A viral wart is a very common condition that appears as a growth on the skin and mostly caused by infection linked with human papillomavirus (HPV).
Wart condition can affect anyone at any age. However, there are few groups who are particularly at risk. One of the most common groups at risk are school-aged children. Patients with eczema are also prone to warts due to the damaged barrier of the skin. Lastly, individuals who are immune-suppressed with medications like ciclosporin or azathioprine as well as those infected with human immunodeficiency virus (HIV) have a chronic condition of warts regardless of whether they are receiving a treatment or not.
In children, 50% of reported wart cases disappear within the next 6 months and 90% disappear after 2 years. Adults have more persistent cases but the majority clear up after administrating a proper treatment.
Warts are caused due to human papillomavirus (HPV) which is the DNA virus and not by toads. Infection is found in the superficial layer of the epidermis which gives rise to the formation of keratinocytes and hyperkeratosis. HPV can be spread by skin-to-skin contact or by autoinoculation. Any action of scratching and/or picking the wart will cause the spread of viral particles over different areas of the skin. The incubation period can last up to 12 months.
Generally, warts tend to have a hard and keratinous surface. Sometimes a very tiny black dot in the middle of the lesion can be observed due to inner bleeding ( intracorneal haemorrhage). In dermatology, warts are grouped based on their clinical features into the following categories: common wart, plantar wart, plane wart, filiform wart, and mucosal wart.
Common warts appear as lesions with rough, papillomatous, and hyperkeratotic surface. Usually, they are found on fingers and/or toes. These warts can also form around nails, which can negatively affect nail growth.
Plantar warts appear on soles of limbs. Due to applied pressure, these warts have an inward growth which may lead to callus. In rare cases, plantar warts may lead to the formation of verrucous carcinoma.
Plane warts appear as numerous flat lesions. They are commonly found on the face, shins, and hands. These warts may be caused by shaving and/or scratching which gives them a linear feature.
Filiform warts have a thread-like appearance. They are usually found on the face.
Mucosal warts are also known as oral warts. They appear on lips and inside of cheeks. They are much softer than other types of warts.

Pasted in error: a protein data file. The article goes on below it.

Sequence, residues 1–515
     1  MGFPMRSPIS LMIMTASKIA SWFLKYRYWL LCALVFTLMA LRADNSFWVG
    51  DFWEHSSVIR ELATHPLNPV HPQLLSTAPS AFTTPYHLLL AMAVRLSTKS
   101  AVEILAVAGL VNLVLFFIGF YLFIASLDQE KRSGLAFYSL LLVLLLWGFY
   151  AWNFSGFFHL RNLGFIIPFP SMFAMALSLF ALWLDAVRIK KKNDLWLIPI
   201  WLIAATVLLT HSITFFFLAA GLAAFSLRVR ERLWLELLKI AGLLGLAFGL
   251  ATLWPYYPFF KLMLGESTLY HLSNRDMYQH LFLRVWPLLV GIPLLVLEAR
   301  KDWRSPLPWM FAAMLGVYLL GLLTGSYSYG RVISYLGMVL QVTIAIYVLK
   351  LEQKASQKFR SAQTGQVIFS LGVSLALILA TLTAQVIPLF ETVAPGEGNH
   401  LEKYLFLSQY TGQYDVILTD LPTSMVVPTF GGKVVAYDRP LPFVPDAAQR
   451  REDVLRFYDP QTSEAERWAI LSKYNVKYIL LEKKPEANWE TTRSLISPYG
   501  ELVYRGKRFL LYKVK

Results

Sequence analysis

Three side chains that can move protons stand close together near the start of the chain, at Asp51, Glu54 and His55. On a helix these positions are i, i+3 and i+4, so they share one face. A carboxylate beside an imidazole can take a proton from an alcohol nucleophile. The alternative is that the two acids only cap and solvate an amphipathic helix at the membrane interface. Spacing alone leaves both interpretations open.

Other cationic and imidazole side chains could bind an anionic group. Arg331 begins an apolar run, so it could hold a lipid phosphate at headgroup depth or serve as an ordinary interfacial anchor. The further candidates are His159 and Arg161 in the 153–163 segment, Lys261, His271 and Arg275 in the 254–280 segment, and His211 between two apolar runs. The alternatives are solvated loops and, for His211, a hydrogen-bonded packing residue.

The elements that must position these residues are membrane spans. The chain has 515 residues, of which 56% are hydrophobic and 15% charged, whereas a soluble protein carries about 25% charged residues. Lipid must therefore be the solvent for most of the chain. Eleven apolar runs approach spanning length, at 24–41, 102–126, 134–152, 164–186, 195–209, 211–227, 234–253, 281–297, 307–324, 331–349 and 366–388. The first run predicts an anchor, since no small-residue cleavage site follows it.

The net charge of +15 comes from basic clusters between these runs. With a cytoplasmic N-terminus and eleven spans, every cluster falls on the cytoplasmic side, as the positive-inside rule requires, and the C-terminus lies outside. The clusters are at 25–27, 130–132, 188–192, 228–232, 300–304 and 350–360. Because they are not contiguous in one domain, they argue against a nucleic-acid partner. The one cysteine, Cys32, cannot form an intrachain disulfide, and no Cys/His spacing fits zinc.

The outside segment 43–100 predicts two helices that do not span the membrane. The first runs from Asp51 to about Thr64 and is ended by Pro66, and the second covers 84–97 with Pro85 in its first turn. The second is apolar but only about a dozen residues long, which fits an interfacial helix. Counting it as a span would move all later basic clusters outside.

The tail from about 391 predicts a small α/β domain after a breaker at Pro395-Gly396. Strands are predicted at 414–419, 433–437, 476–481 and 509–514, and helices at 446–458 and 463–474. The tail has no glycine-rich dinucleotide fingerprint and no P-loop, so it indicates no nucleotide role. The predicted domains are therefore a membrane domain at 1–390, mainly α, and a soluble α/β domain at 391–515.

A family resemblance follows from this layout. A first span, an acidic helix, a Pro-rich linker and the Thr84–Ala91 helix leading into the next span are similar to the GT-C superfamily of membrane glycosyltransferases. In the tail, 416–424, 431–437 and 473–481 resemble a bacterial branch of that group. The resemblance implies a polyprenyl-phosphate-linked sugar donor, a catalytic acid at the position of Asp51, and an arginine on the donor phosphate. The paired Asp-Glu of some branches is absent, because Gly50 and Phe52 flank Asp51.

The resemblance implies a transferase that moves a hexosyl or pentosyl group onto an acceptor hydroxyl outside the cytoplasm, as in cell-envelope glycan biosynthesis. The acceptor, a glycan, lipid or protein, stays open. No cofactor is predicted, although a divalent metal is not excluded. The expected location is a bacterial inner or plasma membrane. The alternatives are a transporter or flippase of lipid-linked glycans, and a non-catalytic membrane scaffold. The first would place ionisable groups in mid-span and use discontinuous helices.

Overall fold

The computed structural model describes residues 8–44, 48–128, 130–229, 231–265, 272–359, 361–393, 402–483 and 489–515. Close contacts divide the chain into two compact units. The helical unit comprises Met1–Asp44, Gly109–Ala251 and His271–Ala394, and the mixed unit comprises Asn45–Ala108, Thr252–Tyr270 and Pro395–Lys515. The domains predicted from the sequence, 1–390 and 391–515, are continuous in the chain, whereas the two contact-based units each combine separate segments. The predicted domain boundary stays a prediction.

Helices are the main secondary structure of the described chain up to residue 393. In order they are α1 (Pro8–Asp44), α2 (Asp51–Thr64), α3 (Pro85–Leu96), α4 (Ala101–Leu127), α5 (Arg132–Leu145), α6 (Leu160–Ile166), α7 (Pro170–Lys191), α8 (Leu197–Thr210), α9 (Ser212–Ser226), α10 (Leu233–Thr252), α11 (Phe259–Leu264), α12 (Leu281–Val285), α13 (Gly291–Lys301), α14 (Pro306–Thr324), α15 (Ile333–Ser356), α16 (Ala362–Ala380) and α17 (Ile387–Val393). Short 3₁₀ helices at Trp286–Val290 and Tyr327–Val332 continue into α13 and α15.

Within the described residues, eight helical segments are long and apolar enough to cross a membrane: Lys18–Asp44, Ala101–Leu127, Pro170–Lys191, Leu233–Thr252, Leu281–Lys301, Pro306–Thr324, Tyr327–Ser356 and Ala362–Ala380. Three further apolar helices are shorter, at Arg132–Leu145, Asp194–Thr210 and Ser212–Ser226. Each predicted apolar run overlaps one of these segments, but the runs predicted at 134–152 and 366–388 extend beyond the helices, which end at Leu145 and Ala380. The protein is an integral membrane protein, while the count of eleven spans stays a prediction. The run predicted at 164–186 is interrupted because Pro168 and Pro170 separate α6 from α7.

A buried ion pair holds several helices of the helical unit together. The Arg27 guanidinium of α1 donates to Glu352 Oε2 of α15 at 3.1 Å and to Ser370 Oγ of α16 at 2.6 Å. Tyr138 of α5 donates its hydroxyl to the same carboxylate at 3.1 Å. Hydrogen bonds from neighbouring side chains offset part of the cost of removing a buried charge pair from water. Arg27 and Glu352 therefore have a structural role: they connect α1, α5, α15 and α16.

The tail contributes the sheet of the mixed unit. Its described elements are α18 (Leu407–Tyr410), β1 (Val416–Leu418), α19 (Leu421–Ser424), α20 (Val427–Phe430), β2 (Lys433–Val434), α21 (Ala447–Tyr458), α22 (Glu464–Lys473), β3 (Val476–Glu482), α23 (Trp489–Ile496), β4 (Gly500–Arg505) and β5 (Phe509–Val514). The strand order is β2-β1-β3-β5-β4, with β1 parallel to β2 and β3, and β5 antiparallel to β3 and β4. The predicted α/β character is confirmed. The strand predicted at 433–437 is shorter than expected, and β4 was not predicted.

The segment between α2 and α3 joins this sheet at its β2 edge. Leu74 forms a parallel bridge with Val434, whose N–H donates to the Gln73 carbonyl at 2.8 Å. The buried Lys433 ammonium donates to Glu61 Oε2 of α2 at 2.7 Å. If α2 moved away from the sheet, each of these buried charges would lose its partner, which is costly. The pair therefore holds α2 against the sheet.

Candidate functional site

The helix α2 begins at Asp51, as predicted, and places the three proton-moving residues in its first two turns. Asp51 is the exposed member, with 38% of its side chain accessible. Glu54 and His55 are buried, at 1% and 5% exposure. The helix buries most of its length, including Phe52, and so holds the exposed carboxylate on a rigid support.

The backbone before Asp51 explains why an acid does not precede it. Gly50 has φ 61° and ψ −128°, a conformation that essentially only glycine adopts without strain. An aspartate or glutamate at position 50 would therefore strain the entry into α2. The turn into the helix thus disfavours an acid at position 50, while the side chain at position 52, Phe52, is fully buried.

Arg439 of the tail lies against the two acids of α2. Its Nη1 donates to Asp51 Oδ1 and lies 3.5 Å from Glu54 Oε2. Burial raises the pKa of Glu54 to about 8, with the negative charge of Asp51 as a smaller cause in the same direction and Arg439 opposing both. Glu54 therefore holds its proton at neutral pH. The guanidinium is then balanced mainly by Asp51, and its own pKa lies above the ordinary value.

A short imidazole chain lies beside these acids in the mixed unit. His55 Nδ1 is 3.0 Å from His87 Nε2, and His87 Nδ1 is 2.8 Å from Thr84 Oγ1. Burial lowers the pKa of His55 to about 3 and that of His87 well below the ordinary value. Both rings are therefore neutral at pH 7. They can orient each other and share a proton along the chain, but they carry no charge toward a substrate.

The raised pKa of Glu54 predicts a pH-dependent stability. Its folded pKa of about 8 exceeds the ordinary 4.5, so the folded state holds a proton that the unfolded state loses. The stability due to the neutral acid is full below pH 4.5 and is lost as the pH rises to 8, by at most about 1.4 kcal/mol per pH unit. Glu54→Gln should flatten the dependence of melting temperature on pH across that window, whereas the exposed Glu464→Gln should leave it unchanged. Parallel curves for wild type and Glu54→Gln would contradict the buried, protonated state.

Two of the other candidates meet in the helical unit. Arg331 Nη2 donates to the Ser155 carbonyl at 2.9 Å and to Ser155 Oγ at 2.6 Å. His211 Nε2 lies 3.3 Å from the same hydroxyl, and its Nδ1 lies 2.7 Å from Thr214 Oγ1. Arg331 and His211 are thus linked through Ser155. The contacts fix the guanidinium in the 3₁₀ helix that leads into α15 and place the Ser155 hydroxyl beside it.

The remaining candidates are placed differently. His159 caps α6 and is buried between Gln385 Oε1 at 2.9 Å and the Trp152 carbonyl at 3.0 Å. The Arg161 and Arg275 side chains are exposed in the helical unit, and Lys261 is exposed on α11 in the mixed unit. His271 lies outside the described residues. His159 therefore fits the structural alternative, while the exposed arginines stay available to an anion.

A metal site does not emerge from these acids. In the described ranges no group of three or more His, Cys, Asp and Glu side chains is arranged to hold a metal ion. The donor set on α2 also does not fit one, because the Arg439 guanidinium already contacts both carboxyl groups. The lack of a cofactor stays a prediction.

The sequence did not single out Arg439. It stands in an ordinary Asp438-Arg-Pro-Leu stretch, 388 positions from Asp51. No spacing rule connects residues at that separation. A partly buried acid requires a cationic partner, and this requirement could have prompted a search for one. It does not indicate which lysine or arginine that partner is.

Warts are diagnosed according to their unique features. If the top part of the wart is getting removed, pinpoint dots are expected to be observed. Dermatoscope is applied in order to distinguish some viral warts from another lesion like skin cancer and seborrhoeic keratosis . Very rare, a skin biopsy is used to confirm the wart diagnosis.
Treatment of warts is quite complex and may be uncomfortable to some patients depending on their pain tolerance. Moreover, they also cause self-esteem issues because many individuals find it embarrassing to have warts and tell others about their condition. In order to remove warts, the patient’s immune system needs to be stimulated so it can attack the wart virus.
Topical treatments are very common. They consist of wart paints that contain salicylic acid which help to remove the dead surface of affected skin cells. Podophyllin is a cytotoxic agent that may be used as well. However, it is not recommended for pregnant women or women who are planning on getting pregnant.
The wart paint should be applied daily on the affected skin but it is highly suggested to avoid getting the chemical onto healthy skin. Before applying the paint, the wart needs to be softened by soaking it in a warm water bath. Then, the top surface of the wart(s) needs to be rubbed with a pumice stone. After, the paint needs to be applied. Once it dries up, the lesion is suggested to be covered with band-aid. This treatment method helps to reduce the size of the wart and decrease the feeling of discomfort. After 12 weeks of daily paint applications, the majority of warts disappear.
Another great option is cryotherapy which consists of using liquid nitrogen to destroy lesion(s) on the superficial skin layer. After 3-4 months of regular cryotherapy sessions (once every two weeks), the majority of warts are expected to disappear.
The technique of electrosurgery involves burning the base of the affected skin area. This method is applied to large lesions as well as those wart lesions resistant to other methods. A local anaesthetic is applied during the procedure. On average, the wound heals within a month. The permanent scar will appear as a result of electrosurgery.
Centre for Medical and Surgical Dermatology offers various treatment options for warts that are unique for every patient. For more information on warts condition, visit the following link:
Centre for Medical and Surgical Dermatology offers surgical method as one of the option for wart lesion removal. For more information of surgical procedure, visit the following link: